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Managing the Transition to IFRS-Based Financial Reporting: A Practical Guide to Planning and Implementing a Transition to IFRS or National GAAP by Lisa Weaver

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INTRODUCTION

SCOPE AND KEY THEMES OF THE BOOK

The transition to International Financial Reporting Standards (IFRS) has been an increasingly significant feature of financial reporting across the globe in the last few years. At the time of writing, more than 120 countries and jurisdictions require or permit the use of IFRS, or financial reporting standards substantially based on, or converged with, IFRS, by some or all of their reporting entities. The International Accounting Standards Board (IASB), the body charged with setting IFRSs, is confident that the use of IFRS, or national accounting standards that are based on IFRS, will grow in the next decade. Hans Hoogervorst, the IASB Chair, stated recently that there is almost universal support for IFRS as the single set of global accounting standards (Hoogervorst, 2013), and organisations including the World Bank, the G20 and the International Organization of Securities Commissions (IOSCO) support the concept of harmonisation of corporate reporting.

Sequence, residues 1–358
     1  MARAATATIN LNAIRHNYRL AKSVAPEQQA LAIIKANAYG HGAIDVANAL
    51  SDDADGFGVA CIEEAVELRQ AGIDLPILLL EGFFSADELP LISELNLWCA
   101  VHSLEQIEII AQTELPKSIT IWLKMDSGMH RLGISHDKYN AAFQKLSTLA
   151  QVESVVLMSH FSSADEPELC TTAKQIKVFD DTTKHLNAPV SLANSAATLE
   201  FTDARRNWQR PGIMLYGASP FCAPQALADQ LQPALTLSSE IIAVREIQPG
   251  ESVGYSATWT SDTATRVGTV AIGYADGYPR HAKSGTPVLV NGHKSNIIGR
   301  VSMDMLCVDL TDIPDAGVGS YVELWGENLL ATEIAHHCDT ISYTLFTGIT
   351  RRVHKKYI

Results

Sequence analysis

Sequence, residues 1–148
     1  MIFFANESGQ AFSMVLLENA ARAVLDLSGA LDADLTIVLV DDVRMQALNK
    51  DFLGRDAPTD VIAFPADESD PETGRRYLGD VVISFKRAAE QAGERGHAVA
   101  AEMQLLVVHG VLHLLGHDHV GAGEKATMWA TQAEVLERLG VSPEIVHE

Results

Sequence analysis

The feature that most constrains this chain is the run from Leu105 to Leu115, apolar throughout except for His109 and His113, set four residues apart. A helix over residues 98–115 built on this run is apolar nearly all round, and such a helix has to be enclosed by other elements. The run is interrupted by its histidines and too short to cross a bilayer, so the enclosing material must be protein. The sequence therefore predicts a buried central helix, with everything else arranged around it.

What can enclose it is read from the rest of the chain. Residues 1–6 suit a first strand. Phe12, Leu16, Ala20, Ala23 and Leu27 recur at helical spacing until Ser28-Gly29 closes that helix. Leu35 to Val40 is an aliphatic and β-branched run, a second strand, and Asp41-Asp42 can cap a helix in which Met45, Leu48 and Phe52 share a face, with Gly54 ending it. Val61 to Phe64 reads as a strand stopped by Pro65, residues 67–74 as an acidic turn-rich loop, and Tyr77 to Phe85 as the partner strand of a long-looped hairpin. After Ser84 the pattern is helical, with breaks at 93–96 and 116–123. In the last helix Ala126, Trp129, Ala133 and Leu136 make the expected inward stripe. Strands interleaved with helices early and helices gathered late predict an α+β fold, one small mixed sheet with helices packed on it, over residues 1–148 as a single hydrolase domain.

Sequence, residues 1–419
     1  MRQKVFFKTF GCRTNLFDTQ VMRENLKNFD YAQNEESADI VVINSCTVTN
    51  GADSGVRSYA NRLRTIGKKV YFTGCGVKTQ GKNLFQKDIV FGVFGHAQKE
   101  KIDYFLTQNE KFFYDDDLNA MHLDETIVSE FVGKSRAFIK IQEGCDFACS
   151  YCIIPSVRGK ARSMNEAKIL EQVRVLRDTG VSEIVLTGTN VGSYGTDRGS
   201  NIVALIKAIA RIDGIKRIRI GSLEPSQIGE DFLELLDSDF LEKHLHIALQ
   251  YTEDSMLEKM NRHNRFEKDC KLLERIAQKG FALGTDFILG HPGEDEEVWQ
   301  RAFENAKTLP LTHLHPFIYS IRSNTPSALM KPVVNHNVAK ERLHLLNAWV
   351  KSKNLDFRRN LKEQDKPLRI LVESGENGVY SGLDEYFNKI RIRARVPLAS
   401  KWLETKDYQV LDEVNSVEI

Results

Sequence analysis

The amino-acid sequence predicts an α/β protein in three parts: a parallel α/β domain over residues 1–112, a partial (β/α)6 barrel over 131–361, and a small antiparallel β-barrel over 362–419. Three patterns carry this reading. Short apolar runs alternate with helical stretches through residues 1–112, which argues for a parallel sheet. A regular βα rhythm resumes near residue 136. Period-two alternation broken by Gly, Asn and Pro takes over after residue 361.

Thousands of companies, public sector entities and other organisations have gone through a transition to IFRS-based reporting in the last decade, and many more thousands will do so in the next few years. The huge advantage that relatively late adopters of IFRS-based reporting have is that they can learn from the experience of those that have already gone through the transition. It is fair to say that for reporting entities that were early adopters, there was a significant learning ...

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